Central Park hit an almost-record-high 66 degrees on Wednesday, sending New Yorkers into the streets in T-shirts and shorts on a day when the high would normally be around 40 degrees. The last time it had gotten that warm on Jan. 4 was in 1950.
Throughout the December holidays, the weather induced a bit of whiplash: On Christmas Eve, temperatures hovered in the single digits as a blast of Arctic air snarled air travel in much of the country.
By New Year’s Day, though, chilly drizzle had given way to clear skies and pleasant temperatures in the 50s. Swimmers from around the city gathered in Coney Island for the annual Polar Bear Plunge, which felt markedly less polar than in a typical year. Revelers in costumes and festive regalia beamed as the sun beat down on them.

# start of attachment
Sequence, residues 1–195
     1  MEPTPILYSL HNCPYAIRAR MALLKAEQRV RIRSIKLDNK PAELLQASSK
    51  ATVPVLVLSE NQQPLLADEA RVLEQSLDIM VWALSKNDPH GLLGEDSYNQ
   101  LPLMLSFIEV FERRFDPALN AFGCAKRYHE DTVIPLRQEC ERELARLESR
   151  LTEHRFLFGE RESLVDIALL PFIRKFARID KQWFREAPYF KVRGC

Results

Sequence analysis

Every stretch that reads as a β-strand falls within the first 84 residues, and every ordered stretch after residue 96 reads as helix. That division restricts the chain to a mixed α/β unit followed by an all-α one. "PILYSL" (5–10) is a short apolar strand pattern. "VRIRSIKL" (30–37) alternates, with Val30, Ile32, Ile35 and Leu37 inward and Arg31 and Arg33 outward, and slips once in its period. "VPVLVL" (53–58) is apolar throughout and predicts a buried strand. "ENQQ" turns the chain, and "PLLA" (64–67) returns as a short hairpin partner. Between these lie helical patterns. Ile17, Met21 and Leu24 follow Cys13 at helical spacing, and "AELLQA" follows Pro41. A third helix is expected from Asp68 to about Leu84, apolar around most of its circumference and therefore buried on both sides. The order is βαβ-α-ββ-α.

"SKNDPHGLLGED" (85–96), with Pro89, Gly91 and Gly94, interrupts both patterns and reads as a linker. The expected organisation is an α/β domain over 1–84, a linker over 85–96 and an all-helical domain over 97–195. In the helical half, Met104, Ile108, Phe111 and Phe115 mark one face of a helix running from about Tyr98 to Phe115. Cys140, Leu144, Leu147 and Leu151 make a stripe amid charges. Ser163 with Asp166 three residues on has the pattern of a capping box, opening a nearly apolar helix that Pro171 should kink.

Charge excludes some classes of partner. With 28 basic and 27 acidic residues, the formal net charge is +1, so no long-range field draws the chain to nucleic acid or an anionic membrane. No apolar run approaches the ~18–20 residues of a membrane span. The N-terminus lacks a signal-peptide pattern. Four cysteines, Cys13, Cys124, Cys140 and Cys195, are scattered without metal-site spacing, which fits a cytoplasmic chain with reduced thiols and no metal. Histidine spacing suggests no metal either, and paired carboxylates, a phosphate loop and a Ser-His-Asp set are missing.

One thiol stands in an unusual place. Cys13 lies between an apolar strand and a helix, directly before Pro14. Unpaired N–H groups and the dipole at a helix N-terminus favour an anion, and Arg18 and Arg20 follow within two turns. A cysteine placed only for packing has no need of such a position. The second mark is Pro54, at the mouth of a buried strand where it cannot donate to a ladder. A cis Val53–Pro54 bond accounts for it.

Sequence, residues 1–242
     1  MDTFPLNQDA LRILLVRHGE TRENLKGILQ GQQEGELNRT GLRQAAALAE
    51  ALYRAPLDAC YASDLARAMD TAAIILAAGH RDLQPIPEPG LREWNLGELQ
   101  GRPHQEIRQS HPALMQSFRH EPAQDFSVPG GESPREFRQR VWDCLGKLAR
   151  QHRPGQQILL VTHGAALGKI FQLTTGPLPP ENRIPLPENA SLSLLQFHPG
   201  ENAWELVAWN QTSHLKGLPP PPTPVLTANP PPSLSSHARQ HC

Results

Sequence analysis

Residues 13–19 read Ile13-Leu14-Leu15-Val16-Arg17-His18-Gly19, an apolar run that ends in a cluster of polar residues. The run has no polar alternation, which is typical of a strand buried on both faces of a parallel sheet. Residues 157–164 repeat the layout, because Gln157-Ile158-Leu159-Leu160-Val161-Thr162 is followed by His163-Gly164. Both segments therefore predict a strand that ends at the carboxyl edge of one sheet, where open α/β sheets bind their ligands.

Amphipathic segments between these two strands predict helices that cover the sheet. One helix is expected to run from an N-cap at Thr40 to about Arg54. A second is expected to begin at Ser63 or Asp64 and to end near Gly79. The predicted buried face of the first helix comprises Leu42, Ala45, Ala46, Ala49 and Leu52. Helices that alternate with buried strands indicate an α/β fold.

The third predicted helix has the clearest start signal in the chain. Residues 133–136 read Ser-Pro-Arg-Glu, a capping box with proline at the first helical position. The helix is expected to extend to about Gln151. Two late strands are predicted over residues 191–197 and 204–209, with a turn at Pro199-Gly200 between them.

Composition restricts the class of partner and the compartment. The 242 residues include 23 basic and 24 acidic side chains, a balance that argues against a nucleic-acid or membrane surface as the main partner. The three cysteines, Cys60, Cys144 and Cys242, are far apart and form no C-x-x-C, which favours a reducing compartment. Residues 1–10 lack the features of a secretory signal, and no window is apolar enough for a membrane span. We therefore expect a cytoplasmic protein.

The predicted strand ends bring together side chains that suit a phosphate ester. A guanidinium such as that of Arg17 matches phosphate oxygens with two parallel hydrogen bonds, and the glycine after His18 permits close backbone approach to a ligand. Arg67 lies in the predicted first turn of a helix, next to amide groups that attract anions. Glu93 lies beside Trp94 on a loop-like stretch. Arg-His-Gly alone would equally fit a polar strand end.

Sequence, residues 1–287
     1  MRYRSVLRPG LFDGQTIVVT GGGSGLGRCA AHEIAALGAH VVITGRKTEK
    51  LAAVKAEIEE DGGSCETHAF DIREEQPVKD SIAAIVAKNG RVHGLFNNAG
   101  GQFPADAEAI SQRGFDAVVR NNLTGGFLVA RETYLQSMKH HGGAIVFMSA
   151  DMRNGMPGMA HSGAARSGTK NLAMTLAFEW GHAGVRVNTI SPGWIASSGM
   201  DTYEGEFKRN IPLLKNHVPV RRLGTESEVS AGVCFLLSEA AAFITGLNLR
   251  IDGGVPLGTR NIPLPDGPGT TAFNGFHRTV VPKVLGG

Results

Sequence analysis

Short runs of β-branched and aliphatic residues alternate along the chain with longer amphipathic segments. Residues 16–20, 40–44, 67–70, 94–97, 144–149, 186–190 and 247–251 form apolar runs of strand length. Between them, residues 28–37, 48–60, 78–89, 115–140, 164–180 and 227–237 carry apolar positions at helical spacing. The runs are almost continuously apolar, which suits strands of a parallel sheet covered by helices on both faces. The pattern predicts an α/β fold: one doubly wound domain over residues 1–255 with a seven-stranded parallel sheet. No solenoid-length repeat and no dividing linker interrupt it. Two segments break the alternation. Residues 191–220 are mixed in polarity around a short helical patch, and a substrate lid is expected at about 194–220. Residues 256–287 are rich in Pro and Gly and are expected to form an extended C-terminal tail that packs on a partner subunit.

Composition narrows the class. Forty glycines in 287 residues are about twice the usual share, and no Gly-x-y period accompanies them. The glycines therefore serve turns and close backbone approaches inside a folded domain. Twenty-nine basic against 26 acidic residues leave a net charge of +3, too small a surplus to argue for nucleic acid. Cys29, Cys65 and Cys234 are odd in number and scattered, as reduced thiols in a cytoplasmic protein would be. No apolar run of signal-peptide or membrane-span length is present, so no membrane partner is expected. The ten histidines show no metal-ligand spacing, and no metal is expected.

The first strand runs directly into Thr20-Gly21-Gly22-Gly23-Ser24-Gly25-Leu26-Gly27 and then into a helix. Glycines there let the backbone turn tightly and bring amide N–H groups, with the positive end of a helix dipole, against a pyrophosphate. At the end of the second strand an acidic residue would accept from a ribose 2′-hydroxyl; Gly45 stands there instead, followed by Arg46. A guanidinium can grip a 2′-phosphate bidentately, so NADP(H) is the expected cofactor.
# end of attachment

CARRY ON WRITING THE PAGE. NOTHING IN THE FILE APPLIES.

“It’s very unusual,” said Bryan Ramsey, a meteorologist with the National Weather Service. “What makes it so interesting is what we saw right before Christmas — that was way below average — so it was really interesting to see that swing.”
But he added that it will be back to business as usual in the Nw York area soon enough. Local temperatures are expected to dip into the 30s in the next few days, he said.